An interesting topic came up on our Destroyers of Mass Production MySpace group. Someone brought up the desire to really destroy the establishment in more sweeping ways than just crafting. The thing is that crafting is a part of it. As much as it may seem that sewing your own clothes is just a means of self expression, it also sends a message to the clothing manufacturers.
Let me back up. I recently went with my family to see the 11th Hour, a movie about global warming produced by Leonardo DiCaprio. One of the women interviewed reminded us that one way to achieve change is to vote; not just by casting a ballot she said, but with our purchases or lack thereof. I agree with her. It was partly the decrease in revenue that made the boycotts of the ‘60s so effective and brought about the changes that were being sought (although many would argue that it was also the threat of a militant, armed alternative which forced the establishment towards reform) and it is the decrease in revenue that would ensue in a crafting revolution that could create real change today.
Grannies by Banksy
I’m not talking about macrame plant holders or crocheted doilies. I’m talking about the kind of crafting that uses recycled materials, transforming them into utilitarian goods that don’t create waste. I’m talking about learning skills that provide us with the ability to meet our own needs. Sewing, cooking, building, gardening - all these and many other skills used to be part of everyday life. Learning to do some of them doesn’t make us cuckoo extremists, it allows us the freedom to choose not to be completely dependent on mass produced clothes, furniture, food, etc.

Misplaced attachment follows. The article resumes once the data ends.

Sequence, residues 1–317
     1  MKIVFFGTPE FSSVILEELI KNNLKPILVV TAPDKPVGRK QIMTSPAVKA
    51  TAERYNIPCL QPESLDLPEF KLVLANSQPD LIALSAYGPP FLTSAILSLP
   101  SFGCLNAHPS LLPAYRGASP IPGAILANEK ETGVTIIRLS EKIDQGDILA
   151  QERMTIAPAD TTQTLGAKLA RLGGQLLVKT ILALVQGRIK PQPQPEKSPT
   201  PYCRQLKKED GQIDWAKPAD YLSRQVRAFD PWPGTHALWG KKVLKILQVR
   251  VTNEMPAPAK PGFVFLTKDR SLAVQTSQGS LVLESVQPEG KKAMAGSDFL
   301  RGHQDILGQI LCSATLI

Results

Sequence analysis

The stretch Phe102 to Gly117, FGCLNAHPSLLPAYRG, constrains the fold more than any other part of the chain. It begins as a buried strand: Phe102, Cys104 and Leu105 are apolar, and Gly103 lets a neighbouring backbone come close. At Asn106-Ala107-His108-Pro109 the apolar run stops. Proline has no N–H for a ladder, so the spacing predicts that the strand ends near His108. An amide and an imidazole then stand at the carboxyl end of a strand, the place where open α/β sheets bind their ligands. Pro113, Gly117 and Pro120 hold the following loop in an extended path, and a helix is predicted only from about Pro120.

It’s true that crafting is a drop in the bucket and that’s why I wanted to start a crafting group online - because lots of drops fill the bucket faster. Using the internet and especially the corporate owned and ad-filled MySpace to spread the idea of destroying mass production is delicious irony and, to use corporation-speak, viral marketing at its finest. Turn the tools of mass consumerism towards a new purpose. Even technophobe (and Unabomber) Ted Kaczynski wrote in his manifesto,
"It would be hopeless for revolutionaries to try to attack the system without using SOME modern technology. If nothing else they must use the communications media to spread their message."
This movement has even got a name and a Wikipedia entry - it's called Craftivism.
Few people want to build a log cabin in the wilderness, drop out of society and eat bark and berries. It’s fine if you do - it’s just not for me or for most people I know, but having a group of friends that teach each other new skills, discuss politics, art and music, inspire and challenge each other can produce meaningful change, even if it’s only one person at a time.
Here are just a few links I've found to other like minded crafters: